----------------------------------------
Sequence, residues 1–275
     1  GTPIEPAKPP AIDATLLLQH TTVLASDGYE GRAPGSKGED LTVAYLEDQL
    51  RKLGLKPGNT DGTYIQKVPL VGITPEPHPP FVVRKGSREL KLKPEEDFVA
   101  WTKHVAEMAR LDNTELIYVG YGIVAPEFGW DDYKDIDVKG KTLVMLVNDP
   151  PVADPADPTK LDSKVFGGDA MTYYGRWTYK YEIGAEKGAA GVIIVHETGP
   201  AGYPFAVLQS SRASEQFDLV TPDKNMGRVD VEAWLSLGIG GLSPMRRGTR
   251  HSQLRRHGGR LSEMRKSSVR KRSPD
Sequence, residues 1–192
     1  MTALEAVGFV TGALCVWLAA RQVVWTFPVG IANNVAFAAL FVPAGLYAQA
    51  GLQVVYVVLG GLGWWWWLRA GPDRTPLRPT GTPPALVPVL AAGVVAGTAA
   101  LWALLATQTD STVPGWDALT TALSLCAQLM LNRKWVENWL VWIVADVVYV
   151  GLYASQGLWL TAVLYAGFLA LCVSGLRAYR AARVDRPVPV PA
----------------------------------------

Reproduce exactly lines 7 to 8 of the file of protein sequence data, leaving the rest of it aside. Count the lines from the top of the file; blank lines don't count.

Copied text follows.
   251  HSQLRRHGGR LSEMRKSSVR KRSPD
Sequence, residues 1–192